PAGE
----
Director: Rajath Ravishankar
Cast: Karthi, Rakul Preet Singh, RJ Vigneshkanth, Ramya Krishnan, Prakash Raj
Composer: Harris Jayaraj
An hour into Dev, Karthi, in an eponymous role, and Rakul Preet Singh as Meghna Padmavathy, recline in bed inside what looks like a giant orb with flickering candles and other such classified-as-romantic paraphernalia. You don’t quite know how, why or where this massive orb tailored-to-perfection for dates originated, or is located, but there they are, amidst pretty baubles and delicate lighting – engaged in stormy discussion. Soon, it abruptly ends, and the frame segues into a happy song and dance. Dev, the film, is full of such manufactured upheavals in a relationship that vanish just as swiftly as they appear – with no rhyme or reason.
The situations look, feel and sound manufactured, none of them organic or even remotely seeking to learn or explore the emotions that they wish to portray. But that’s quite some expectation from a film that begins its tale with the hero trying to land a date by sending a random friend request to a stranger on Facebook. Aiding him are Amrutha Srinivasan as Nisha and RJ Vigneshkanth as Vicky, his faithful friends who go to extreme lengths to ensure Dev wins over the woman.
Rakul Preet as Meghna Padmavathy is characterised as a hotshot, much sought-after entrepreneur-innovator while Dev is an adventure junkie, a rich brat whose achievements neither rival nor equal hers. He pursues her on foot, and by road, mapping her location via her Facebook updates; she calls it out for what it is, but the term is bandied about just to keep critics at bay. He stalks, she eventually acquiesces, and what follows is a romance with a questionable beginning, a tolerable middle, and an excruciating climax.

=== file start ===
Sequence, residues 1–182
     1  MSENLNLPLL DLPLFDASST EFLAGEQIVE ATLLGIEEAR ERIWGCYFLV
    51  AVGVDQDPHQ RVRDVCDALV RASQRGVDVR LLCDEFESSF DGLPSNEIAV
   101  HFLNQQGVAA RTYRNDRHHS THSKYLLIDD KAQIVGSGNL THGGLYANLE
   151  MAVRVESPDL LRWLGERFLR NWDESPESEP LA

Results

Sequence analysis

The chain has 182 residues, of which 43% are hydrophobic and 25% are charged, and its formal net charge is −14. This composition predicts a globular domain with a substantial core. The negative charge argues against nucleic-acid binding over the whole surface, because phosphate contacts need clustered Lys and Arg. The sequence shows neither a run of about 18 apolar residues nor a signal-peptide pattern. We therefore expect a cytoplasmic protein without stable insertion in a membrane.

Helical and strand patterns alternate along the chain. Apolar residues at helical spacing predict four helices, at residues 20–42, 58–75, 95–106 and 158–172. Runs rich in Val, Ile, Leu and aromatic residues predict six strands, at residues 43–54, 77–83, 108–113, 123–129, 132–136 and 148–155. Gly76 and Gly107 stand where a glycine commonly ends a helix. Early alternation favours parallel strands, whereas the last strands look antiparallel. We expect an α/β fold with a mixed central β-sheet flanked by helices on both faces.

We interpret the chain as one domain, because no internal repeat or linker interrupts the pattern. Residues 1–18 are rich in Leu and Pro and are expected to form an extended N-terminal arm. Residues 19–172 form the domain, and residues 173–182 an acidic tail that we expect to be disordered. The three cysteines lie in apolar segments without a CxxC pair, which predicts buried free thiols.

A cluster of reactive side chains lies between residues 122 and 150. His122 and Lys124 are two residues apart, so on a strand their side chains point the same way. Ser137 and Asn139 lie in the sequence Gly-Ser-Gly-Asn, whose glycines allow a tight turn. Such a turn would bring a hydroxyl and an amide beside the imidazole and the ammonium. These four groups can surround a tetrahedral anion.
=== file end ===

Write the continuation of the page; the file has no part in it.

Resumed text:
Dev may have had larger aspirations – to make meaningful cinema on modern romance and its idiosyncrasies, and there may even be a moment or two when the film achieves what it sets out to do: a scene depicts the couple straddling that sweet spot of being distantly acquainted and later almost hesitantly embracing the new familiarity that romance brings. In another, it shows the couple on a bike trek; Meghna plugs in her earphones (because why not), while Dev pleads for some conversation.
It’s thoughtful – and surprisingly real – for a film that later descends into old tropes of the genre. Especially when it had created a powerful female lead with much promise, who, for once, was shown to be engaged in meaningful occupation – something that meant a lot to her and to the world at large, and also took centre-stage in her life and the film.
Dev, in the acceptable parts, lets this moment of absolute female power sink in, and also imbues the character with a humane history. It tells us Meghna is a force to be reckoned with in her industry, a successful entrepreneur, a tough boss, and has fought to be where she is. It tells us she’s had a rough past (daddy issues, duh), is pleased with herself and the life she has built, and then, in the same breath, deems her achievements inadequate in favour of a wedding band. Dev, the film, never quite recovers from this thought.
The Dev review is a Silverscreen original article. It was not paid for or commissioned by anyone associated with the movie. Silverscreen.in and its writers do not have any commercial relationship with movies that are reviewed on the site.